Council for Built Environment (CBE) acting chairperson Maphefo Mogodi says the built environment industry is plagued by barriers to transformation and that government and industry have not done enough to change the situation.
“The inability of small and medium businesses to prosper economically in the built environment, poor implementation of policies and lack of policy reforms have contributed to the slow transformation of the sector.”
CBE is hosting its third national Transformation Indaba, in Pretoria, this week, under the theme “Breaking the Barriers” relating to economic transformation and job creation.
Participants at Wednesday's gathering discussed various regulatory barriers, which had led to the exclusion of smaller service providers in projects.
Delegates also discussed retaining registered professionals and the CBE skills pipeline model, which guides transformation dialogues and interventions by the sector, based on the career value chain.
The CBE’s first Transformation Indaba focused on gaining commitment from all stakeholders in the sector to participate and collaborate in driving transformation. The second Indaba was themed “igniting the possibilities” and focused on driving transformation through skills development.
CBE CEO Priscilla Mdlalose said that the number of previously disadvantaged individuals registered as professionals across the country was low, averaging 27%, while females averaged 11% representation.
“Legislation such as the Preferential Procurement Policy Framework Act and the Broad-Based Black Economic Empowerment Act, which were created to redress the imbalances of the past have not yet yielded desired outcomes for built environment professionals.”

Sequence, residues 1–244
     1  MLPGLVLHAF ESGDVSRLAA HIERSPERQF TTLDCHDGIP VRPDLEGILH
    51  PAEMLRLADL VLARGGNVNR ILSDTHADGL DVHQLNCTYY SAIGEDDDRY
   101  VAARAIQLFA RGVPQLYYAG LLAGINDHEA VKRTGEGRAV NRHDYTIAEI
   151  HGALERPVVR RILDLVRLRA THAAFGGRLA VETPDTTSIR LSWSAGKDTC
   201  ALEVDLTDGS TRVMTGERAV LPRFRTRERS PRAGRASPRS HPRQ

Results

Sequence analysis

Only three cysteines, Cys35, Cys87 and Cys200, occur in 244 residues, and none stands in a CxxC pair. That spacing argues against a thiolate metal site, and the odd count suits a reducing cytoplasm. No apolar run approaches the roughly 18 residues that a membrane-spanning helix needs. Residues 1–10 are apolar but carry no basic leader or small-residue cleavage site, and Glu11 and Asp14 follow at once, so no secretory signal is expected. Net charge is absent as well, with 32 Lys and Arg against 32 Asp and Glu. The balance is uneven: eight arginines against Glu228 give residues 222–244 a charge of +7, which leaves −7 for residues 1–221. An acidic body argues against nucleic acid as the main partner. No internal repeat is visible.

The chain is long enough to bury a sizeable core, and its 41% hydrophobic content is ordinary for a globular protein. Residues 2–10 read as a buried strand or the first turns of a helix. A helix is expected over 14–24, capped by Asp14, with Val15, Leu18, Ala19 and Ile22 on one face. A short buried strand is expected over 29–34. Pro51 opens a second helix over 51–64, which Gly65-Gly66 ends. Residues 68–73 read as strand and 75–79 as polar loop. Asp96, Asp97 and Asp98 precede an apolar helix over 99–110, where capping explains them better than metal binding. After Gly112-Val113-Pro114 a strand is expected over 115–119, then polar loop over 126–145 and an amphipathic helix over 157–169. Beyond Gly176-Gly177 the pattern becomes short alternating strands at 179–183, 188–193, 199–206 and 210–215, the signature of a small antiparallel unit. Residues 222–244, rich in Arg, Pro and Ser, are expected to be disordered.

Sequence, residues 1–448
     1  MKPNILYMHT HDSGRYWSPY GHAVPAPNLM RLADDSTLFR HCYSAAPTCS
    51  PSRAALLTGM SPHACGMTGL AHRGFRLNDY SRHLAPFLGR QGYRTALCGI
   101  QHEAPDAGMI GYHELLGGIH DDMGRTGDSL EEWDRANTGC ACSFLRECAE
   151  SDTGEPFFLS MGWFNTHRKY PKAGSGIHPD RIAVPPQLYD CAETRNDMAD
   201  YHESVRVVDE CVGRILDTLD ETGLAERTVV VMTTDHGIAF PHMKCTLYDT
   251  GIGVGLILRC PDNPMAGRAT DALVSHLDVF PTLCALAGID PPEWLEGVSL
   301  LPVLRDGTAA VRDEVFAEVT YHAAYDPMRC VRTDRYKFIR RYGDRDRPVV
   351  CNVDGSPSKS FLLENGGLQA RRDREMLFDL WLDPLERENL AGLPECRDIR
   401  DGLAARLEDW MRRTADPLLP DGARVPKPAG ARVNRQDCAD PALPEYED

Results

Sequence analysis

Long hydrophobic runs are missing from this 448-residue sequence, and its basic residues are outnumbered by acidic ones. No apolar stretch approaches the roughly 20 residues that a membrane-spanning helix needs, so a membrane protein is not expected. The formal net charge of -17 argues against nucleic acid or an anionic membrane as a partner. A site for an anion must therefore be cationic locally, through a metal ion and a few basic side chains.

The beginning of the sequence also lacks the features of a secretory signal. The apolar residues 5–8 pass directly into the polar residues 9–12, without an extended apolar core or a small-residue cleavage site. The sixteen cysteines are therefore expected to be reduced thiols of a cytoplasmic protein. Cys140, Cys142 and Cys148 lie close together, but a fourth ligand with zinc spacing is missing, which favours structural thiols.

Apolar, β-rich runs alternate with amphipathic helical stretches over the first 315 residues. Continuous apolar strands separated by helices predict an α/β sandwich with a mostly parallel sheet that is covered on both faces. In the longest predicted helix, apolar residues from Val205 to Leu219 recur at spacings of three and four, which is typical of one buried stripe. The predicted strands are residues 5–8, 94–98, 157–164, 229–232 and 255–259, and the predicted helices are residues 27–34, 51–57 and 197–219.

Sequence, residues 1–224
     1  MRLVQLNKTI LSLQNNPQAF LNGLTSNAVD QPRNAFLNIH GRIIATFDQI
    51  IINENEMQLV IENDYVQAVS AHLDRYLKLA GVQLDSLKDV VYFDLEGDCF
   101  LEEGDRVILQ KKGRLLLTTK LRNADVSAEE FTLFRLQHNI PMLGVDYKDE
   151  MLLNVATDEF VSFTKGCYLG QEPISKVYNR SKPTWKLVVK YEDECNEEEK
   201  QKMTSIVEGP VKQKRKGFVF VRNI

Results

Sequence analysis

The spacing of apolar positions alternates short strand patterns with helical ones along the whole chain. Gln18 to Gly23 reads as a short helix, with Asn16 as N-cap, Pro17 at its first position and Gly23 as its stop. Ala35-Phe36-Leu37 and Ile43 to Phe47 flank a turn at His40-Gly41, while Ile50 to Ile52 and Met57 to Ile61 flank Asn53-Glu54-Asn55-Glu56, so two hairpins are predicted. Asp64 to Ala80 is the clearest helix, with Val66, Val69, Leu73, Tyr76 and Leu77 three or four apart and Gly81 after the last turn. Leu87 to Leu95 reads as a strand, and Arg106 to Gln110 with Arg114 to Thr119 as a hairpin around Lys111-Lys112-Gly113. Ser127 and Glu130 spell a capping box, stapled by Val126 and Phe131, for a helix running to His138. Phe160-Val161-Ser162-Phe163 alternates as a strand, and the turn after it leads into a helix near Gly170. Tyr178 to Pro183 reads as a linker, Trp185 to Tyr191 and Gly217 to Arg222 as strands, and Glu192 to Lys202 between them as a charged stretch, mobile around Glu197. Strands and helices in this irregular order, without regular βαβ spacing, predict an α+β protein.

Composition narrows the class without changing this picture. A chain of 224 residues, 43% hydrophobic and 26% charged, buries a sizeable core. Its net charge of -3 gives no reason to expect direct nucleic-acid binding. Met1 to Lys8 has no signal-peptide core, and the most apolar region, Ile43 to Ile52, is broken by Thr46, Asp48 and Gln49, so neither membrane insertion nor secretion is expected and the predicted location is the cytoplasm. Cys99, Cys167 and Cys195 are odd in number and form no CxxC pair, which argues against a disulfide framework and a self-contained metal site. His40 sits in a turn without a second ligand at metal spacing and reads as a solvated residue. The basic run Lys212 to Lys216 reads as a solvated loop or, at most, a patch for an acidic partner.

Further, Mdlalose said the Councils for Built Environment Professions, particularly those with low registration numbers, were experiencing challenges to implement their legislative mandate as they did not generate sufficient revenue from registration fees to sustain themselves.
Non-compulsory registration for persons practicing in the built environment contributes to low registration numbers and posed a challenge in the regulation of professionals. Mdlalose further noted that a lack of enforcement of identification of work for the professions had resulted in professionals operating in an unregulated environment.
Mdlalose suggested that collaboration was key to make the built environment work for disadvantaged professionals, along with improved management of stakeholder engagement, to which end CBE would be launching an integrated electronic built environment system.
Meanwhile, Mdlalose mentioned that a roster system for the built environment, introduced by the then Department of Public Works a while back, should have enabled black companies to be considered first for contracting. The roster also required developers to appoint at least three emerging businesses and one established business for projects over a certain value.
“However, we found that the course of implementation changed along the way.”
She said that today, the country had an untransformed construction sector and built environment industry, claiming there was never an intention to implement the policies that were set to transform the industry.
Gauteng Infrastructure Development and Property Management MEC Tasneem Motara agreed, stating that some progress has been made in the 25 years of South Africa’s democracy, but the built environment remained untransformed.
“With many barriers to entry, including optimal functioning of the regulatory environment, service providers from disadvantaged communities had been disadvantaged by regulations. We must use the tools at our disposal to enable these professionals and industry to transform. Change can occur in aspects including structure, culture, products and services, or simply doing things differently,” she said.
Motara added that the construction sector remained male-dominated, with 89% of registered professionals being male.
“Legislation is not supposed to take back development, but rather enable development and transformation. Once we come up with solutions, it must free the struggles of small businesses, which are relied upon to create jobs and grow the economy.”
Commenting on the state of transformation in the industry, former Public Service and Administration Minister Advocate Ngaoko Ramathlodi said: “To win the transformation war, people in the industry have to better organise themselves.”Creamer Media Senior Researcher and Deputy Editor Online